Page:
— With the loss, Los Angeles fell to 67-68-21 all-time against San Jose, a record that includes an away mark of 27-39-12. The Kings have a record of 0-1-1 in the four-game season series, which continues with games on December 27 at SAP Center and March 31 at Staples Center.
— With the loss, Los Angeles fell to 8-10-1 against the Western Conference, 4-7-1 against the Pacific Division, 4-8 in three-goal games, 2-11-1 when their opponent scores first, 0-10-1 when trailing after one period, 0-12-1 when trailing after two periods a nd 9-11-1 when outshooting their opponents.
— Anze Kopitar’s four-game point streak was snapped. He has points in 10 of his last 12 games (6-8=14). He is three points from tying Wayne Gretzky (918 points) for fourth place on the Kings’ all-time points list.
— With his 557th career goal, Patrick Marleau moved past Johnny Bucyk into sole possession of 27th place on the NHL’s all-time goals list. He is now three goals behind Guy Lafleur (560), who ranks 26th.
— Only three skaters logged more than 18:10: Drew Doughty (24:14), Joakim Ryan (22:01) and Matt Roy (20:13). Tyler Toffoli led all forwards with 17:20 of ice time, while Anze Kopitar (16:49) was held below 18 minutes for only the third time this year, and first since the Minnesota (17:05) – Chicago (16:29) back-to-back while he was ill.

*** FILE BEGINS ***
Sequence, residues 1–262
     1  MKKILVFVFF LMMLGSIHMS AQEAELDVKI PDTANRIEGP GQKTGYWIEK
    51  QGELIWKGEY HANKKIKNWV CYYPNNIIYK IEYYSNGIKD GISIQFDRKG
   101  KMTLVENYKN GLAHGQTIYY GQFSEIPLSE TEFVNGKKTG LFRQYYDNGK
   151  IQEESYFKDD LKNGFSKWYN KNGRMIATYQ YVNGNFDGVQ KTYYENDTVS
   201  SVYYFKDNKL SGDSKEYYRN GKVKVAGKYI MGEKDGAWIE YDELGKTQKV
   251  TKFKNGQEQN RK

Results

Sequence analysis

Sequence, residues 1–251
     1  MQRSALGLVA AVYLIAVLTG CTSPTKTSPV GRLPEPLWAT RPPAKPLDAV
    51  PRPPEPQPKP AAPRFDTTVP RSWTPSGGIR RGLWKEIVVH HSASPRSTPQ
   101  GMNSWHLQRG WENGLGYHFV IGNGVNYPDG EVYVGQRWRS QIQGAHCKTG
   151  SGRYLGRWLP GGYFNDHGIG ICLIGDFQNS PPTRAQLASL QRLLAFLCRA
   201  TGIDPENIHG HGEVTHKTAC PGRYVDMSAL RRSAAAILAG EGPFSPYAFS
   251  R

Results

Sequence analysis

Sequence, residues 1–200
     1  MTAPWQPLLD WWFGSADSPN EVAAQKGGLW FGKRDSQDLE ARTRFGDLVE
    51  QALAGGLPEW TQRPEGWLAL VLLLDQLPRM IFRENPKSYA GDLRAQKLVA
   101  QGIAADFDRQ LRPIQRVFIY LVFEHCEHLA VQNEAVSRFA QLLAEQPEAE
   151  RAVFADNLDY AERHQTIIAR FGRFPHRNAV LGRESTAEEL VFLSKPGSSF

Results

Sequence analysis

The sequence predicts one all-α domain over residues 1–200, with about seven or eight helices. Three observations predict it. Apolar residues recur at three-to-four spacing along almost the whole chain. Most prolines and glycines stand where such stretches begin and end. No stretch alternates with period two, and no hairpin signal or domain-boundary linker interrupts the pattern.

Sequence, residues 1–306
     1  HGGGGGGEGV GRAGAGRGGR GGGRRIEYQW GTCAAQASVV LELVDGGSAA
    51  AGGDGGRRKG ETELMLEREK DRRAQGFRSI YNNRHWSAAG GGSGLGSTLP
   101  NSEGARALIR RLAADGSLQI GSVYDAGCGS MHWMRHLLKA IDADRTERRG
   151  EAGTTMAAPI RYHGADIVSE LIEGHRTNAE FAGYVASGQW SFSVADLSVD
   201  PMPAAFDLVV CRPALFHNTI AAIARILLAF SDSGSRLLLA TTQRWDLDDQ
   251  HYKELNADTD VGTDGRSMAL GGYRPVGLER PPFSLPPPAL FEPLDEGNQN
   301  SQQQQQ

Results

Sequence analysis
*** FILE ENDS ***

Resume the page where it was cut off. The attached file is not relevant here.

— The Kings attempted 53 shots (33 on goal, 13 blocked, 7 missed). The Sharks attempted 49 shots (22 on goal, 16 blocked, 11 missed). Jeff Carter finished with a game-high six shots on goal.
— Los Angeles won 26-of-48 faceoffs (54%). Adrian Kempe won 1-of-1, Michael Amadio won 3-of-5, Anze Kpoitar won 8-of-15, Kyle Clifford won 1-of-1, Trevor Lewis won 3-of-8, Blake Lizotte won 6-of-11 and Jeff Carter won 4-of-7.
The Kings are scheduled to have a 10:30 a.m. morning skate prior to their 7:00 p.m. game against the Winnipeg Jets. This practice is likely optional.